Monday, February 8, 2010
Photo by philip
Update (July, 2010): The question of an alcohol tax repeal made it on the November, 2010 ballot. Read more here.
This article on PatriotLedger.com caught my eye recently. It talks about two potential ways in which the 6.25% sales tax on alcohol that went into effect last year might be eliminated. The first way is that the state legislature might decide on their own to remove the tax, and the second is through a ballot initiative.
An interesting twist is the idea that the tax at the point of sale might be removed but replaced with a similar increase into the excise rate (that was the sole source of taxation prior to the tax being increased from 0% to 6.25%):
"Sen. Michael Morrissey of Quincy, for one, would like to see the alcohol tax completely repealed. But Morrissey, co-chairman of the Legislature’s consumer protection committee, says lawmakers may propose a compromise that drops the sales tax but raises the excise tax to collect a similar amount."
I'd be in favor of this for a number of reasons.
First, the excise tax on alcohol has been long standing. If it's decided that alcohol should continue to be taxed at a higher rate, the excise rate should simply be raised.
Things like alcohol and gasoline have so many taxes built into the price seen in front of you when making a purchase. If taxes aren't applied until after the transaction, it's difficult to determine the overall cost. Imagine pumping $15 worth of gas and having to calculate that it's going to be $27.34 in your head. That would illuminate the super-high tax rates on these products, but it's not practical so the tax is bundled in to the per gallon gas as you pump.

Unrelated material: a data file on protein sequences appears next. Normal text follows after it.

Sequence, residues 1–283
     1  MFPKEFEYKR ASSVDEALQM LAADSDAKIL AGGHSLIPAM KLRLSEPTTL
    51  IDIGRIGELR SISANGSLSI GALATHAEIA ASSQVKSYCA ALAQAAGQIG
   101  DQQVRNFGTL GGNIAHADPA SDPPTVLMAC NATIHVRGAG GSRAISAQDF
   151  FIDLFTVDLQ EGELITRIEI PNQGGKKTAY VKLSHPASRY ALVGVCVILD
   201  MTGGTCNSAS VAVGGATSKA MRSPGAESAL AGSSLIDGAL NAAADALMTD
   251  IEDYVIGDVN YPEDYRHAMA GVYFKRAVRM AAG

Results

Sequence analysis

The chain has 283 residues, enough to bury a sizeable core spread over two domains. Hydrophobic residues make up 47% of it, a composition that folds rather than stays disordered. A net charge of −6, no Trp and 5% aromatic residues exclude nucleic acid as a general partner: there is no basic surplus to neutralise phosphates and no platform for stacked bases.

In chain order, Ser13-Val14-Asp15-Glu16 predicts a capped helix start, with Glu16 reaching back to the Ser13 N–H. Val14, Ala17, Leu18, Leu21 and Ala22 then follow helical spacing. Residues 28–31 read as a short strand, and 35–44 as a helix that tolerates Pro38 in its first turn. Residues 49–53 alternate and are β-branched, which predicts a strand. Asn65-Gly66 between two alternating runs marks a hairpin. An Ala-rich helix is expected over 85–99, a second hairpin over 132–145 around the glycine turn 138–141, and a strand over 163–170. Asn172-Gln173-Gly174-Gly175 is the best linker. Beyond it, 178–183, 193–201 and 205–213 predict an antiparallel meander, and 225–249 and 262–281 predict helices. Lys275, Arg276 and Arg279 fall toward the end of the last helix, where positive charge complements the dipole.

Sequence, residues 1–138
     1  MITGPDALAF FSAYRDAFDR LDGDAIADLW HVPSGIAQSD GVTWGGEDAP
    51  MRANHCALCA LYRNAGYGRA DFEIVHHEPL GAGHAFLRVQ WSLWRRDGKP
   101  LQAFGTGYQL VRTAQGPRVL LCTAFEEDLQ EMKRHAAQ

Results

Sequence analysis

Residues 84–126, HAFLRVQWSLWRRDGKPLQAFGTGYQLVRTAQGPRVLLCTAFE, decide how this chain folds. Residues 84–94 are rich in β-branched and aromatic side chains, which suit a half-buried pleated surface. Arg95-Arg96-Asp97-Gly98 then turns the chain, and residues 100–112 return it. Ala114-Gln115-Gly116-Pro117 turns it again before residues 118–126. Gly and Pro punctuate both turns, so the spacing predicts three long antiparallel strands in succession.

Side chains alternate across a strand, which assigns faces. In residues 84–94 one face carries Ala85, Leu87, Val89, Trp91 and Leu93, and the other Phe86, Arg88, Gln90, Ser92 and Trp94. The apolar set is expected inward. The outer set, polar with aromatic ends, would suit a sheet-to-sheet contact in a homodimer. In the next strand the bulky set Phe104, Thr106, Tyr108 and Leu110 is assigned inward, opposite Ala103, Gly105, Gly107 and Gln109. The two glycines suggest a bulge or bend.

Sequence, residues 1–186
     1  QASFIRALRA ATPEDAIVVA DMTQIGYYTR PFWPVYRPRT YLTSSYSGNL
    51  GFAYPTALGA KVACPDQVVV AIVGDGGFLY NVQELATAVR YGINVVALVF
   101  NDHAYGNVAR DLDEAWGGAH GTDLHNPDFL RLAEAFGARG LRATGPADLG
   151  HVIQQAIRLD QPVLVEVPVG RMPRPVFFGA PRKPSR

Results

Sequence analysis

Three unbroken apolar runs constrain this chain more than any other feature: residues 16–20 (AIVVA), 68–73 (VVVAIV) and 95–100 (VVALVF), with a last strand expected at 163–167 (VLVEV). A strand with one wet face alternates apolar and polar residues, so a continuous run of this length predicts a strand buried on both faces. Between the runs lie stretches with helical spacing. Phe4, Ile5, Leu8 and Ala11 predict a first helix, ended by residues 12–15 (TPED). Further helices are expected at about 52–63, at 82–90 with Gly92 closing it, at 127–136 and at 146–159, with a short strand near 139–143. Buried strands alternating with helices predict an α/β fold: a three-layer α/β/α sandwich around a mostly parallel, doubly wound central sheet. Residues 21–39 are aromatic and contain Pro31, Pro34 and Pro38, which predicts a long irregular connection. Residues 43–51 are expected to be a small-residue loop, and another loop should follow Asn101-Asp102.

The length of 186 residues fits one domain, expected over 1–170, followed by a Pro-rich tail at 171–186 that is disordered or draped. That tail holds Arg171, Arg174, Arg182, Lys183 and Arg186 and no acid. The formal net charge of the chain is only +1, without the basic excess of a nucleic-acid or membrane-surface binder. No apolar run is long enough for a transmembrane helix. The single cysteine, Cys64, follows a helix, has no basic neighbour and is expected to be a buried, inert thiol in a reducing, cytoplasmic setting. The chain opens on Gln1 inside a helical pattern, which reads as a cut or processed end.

Which makes the 6.25% tax at the point of sale on alcohol seem all the more ridiculous. Taxes already make up roughly one-third of a $10 bottle of wine before you get hit with another 6.25% at the register.
Once the tax showed up last year, I think a lot of us had a feeling it would be 10x as hard to get removed as it was to get introduced because sin taxes are so easy to apply. I'm referring to the thinking described in this comment on the Patriot Ledger piece:
"Given the huge damage to our society caused by alcohol, beer, wine, and spirits these products should be taxed at an even higher rate."
What's faulty with this logic is that it doesn't determine what the appropriate rate of taxation is. It should just be indefinitely higher than whatever it currently is, and probably applied to soda and candy. And anything else we can think of.
Like I've said before, I realize we all have responsibilities as citizens to pay for taxes and I appreciate things like quality publication education and that has a cost. What I'm not in favor of is certain categories being taxed at an inordinately high rate, least of all ones that I care enough to write a blog about.
Check back later this week as I'll discuss another aspect on this issue- the idea of whether tax increases like this that target alcohol sales by dollar (rather than by volume) are suppressing alcohol sales and therefore causing the tax increase to fall short of its intended revenue goals.
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